Right about now, there’s a petition going around to stop this wannabe Stillwater-looking band (tired, Almost Famous reference, but whatever) that decided it would be real cool to name themselves “Black Pussy” from playing at venues across the U.S.
So far, their shows in Raleigh, North Carolina and Winnipeg, Canada have been cancelled.
The lead singer of the Portland, Oregon band, 41-year-old, Dustin Hill claims his naming choice was “sexy” and “70s.”
Hill further claims that he didn’t consider the fact that someone would take offense to the name in an interview because, he’s so different:
“I sit in a very isolated spot compared to [the rest of] humanity,” he says. “Words do not offend me.”
If you take a look at the band’s Facebook page, it’s filled with all sorts of gems:
Right from the Facebook page:
Black Pussy does not condone or endorse any sexism, racism, ageism, violence, or any other douchebaggery that has been spoiling the party since the party started. If you are offended by the band’s name, please refer to the following videos…
Don’t you just love when outwardly offensive individuals proclaim how non-racist/sexist they are by directing your valid anger to 3 YouTube links of white comedians shaming you for being offended? How does that work? How Sway?
Oh and if you thought that no one told this Hill to change the band name, they did. However, Hill simply is just too “committed” to it.
“I’m not going to change the name because I’m afraid it’ll hurt my project. I’ve committed to it, because that’s what artists do: They commit to an idea. It’s not about trying to be successful or trying to make money, it’s about the idea. We build on the idea, and if it fails, it fails. But I’m not going to change it because a tiny percentage of the population has an issue with it.”
He’s a young Andy Warhol in a sea of Monet impressionist critics or something… Oh woe is me and countless other black men, women and consequently other non-black people who are offended by your “art.” Highly doubt that’s a “tiny percentage” of the population. Heck, I’d be willing to bet there are more signatures on the petition than there are album sales for this band.
Furthermore, it’s a bit of a coincidence that the band’s name is the same as the original working title of The Rolling Stone’s 1971 song, “Brown Sugar.” This too has been brought to Hill’s attention. If you’re unfamiliar, the song fetishizes slave masters raping black female slaves. Here’s a preview of the lyrics:
Gold coast slave ship bound for cotton fields
Sold in the market down in New Orleans
Scarred old slaver knows he’s doing alright
Hear him with the women just around midnight
Brown sugar how come you taste so good
Brown sugar just like a young girl should- ah hum oh..
Literally, can’t finish reading this song without gagging profusely, but if you need to read the rest, be my guest. Can’t really figure out why Hill would think a shoutout to this song in particular would alleviate him of any offense.
By no means are Hill and Black Pussy the only offenders. There’s also another band out of Richmond, VA named “Black Girls.” Their reasoning behind the name:
“…I think this one time we were showing some stuff to some friends, and they asked if we had gotten a trio of black girls to come in and record backing vocals. So that was kind of flattering and we thought, “Hey, not a bad name either.”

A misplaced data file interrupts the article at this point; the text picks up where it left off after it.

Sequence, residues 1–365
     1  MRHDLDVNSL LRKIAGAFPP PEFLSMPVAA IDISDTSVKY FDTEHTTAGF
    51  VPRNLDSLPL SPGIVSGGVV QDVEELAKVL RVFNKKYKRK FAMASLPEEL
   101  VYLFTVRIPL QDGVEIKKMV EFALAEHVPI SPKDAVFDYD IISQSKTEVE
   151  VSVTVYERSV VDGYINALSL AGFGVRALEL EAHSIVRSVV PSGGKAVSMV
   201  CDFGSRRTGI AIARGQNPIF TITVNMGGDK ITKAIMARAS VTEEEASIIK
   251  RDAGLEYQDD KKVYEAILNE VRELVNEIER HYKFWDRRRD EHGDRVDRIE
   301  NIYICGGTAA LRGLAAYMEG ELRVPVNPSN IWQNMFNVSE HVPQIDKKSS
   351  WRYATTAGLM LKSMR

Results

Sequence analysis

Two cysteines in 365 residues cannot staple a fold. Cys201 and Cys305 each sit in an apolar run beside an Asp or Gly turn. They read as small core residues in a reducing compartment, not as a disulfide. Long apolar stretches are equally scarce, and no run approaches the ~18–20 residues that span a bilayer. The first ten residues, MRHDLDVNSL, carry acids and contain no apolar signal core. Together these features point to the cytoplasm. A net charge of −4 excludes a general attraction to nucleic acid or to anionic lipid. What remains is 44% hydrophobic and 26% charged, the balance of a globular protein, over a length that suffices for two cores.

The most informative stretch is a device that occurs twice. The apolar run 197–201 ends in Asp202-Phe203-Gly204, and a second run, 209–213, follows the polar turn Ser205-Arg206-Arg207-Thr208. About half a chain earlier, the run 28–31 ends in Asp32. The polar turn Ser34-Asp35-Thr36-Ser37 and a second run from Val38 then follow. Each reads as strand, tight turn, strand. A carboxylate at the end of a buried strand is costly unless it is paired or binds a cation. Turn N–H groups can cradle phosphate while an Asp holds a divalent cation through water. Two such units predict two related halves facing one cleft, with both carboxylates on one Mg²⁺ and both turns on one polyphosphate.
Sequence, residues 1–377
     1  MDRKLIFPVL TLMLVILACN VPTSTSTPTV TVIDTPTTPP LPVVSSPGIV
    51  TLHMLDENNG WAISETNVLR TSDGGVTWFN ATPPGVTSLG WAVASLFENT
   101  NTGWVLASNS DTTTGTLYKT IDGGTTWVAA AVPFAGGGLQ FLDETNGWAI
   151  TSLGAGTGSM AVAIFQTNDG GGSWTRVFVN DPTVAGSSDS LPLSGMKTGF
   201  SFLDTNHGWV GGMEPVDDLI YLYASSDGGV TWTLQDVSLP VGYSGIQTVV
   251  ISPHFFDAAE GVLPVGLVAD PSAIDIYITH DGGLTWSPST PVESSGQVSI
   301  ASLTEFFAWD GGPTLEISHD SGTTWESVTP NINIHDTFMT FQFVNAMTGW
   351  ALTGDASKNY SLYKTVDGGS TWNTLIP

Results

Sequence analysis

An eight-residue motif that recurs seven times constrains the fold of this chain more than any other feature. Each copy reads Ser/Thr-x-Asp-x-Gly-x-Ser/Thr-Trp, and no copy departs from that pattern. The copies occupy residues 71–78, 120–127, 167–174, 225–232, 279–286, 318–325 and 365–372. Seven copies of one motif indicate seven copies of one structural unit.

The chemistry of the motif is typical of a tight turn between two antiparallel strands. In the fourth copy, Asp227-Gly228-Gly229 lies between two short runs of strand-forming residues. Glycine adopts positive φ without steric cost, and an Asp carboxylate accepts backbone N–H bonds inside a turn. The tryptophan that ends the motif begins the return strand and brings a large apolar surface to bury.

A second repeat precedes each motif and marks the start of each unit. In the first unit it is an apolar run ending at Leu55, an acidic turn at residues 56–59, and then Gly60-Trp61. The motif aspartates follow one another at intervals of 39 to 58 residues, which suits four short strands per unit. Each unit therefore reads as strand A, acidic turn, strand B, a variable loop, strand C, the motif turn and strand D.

Not a bad name? Try again, bros. There are tons of awful names you could pick from that don’t disrespect black female bodies.
However, since these individuals don’t give a crap about amplifying their ignorance, I find the suggestion one commenter left on the interview put it best:
Given that Dustin Hill isn’t bothered by what other people might find offensive, he could just rename the group “White Privilege.”
A little history lesson for Black Pussy from the editor:
Rape was a tool of oppression used habitually on black women even after slavery. In a NY Times article entitled Pay Tribute to the Black Women Who Spoke Out About the Sexual Violence Stanford history professor Allyson Hobbs details the sexual violence black women endured during Reconstruction;
Similar to their fathers, husbands, brothers and sons, African-American women experienced political and economic terror. But these women also endured sexual violence at the hands of white men determined to restore the sexual codes of the slavery regime. When the federal government called for congressional hearings to investigate the Ku Klux Klan in 1871, hundreds of black women came forward.
As historian Hannah Rosen has documented, Frances Thompson testified that seven white men broke into the house that she shared with Lucy Smith and demanded dinner and “some woman to sleep with.” When Thompson declared, “we were not that sort of women,” the seven men raped the two women. Harriet Armour testified that two white men raped her because they were angry that her husband had been a Union soldier. Rebecca Ann Bloom stated that an intruder got into bed with her, and “violated [her] person” at knifepoint. These were not the actions of “a few bad men,” but rather were systematic attempts to exert control over black women’s bodies and to cancel a black woman’s chance of being regarded as chaste and respectable.
Such testimonies were limited. They were suppressed by the humiliation of speaking publicly about rape in front of disbelieving white officials and by the physical pain and the psychological wounds that these assaults left behind. It is remarkable — and it must be remembered — that during Reconstruction, hundreds of black women publicly condemned white men for sexual crimes.
Sound off! Do you think the boycott is the right approach?